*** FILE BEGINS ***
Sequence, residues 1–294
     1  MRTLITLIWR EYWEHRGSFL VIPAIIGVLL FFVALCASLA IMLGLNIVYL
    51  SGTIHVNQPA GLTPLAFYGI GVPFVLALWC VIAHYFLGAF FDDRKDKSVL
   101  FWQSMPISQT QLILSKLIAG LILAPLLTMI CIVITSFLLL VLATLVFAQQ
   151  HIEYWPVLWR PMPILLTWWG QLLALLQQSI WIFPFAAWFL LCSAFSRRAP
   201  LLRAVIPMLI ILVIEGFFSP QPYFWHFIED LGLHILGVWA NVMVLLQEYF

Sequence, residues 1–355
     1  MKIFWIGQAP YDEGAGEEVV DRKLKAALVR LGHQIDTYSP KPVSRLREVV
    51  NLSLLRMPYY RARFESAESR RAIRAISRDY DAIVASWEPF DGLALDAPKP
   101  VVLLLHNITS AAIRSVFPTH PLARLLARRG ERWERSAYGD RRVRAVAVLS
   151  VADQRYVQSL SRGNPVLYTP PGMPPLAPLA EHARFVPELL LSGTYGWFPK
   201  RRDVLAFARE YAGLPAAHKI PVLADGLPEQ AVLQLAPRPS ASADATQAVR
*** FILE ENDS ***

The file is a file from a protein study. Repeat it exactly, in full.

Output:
Sequence, residues 1–294
     1  MRTLITLIWR EYWEHRGSFL VIPAIIGVLL FFVALCASLA IMLGLNIVYL
    51  SGTIHVNQPA GLTPLAFYGI GVPFVLALWC VIAHYFLGAF FDDRKDKSVL
   101  FWQSMPISQT QLILSKLIAG LILAPLLTMI CIVITSFLLL VLATLVFAQQ
   151  HIEYWPVLWR PMPILLTWWG QLLALLQQSI WIFPFAAWFL LCSAFSRRAP
   201  LLRAVIPMLI ILVIEGFFSP QPYFWHFIED LGLHILGVWA NVMVLLQEYF

Sequence, residues 1–355
     1  MKIFWIGQAP YDEGAGEEVV DRKLKAALVR LGHQIDTYSP KPVSRLREVV
    51  NLSLLRMPYY RARFESAESR RAIRAISRDY DAIVASWEPF DGLALDAPKP
   101  VVLLLHNITS AAIRSVFPTH PLARLLARRG ERWERSAYGD RRVRAVAVLS
   151  VADQRYVQSL SRGNPVLYTP PGMPPLAPLA EHARFVPELL LSGTYGWFPK
   201  RRDVLAFARE YAGLPAAHKI PVLADGLPEQ AVLQLAPRPS ASADATQAVR